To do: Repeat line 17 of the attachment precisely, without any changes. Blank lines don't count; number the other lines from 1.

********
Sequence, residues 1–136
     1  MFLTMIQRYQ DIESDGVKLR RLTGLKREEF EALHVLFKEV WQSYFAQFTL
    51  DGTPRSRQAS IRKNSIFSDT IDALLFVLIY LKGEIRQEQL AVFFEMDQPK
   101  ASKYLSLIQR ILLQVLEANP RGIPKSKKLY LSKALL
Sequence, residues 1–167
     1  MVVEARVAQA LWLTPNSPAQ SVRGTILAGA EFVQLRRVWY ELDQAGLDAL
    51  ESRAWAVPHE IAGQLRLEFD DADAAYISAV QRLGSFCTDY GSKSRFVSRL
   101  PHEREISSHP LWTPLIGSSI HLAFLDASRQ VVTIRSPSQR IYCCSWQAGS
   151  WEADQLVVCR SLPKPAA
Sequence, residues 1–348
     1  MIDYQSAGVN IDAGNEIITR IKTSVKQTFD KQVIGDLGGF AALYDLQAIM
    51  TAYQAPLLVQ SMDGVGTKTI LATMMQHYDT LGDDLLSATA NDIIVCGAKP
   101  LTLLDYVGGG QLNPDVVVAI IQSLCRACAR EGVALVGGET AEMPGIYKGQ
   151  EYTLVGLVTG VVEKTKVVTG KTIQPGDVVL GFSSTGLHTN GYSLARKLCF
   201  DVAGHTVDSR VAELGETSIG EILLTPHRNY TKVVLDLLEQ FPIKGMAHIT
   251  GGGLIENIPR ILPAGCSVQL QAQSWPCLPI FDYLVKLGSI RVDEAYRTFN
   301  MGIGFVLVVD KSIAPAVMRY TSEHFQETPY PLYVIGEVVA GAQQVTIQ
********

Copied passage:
   301  MGIGFVLVVD KSIAPAVMRY TSEHFQETPY PLYVIGEVVA GAQQVTIQ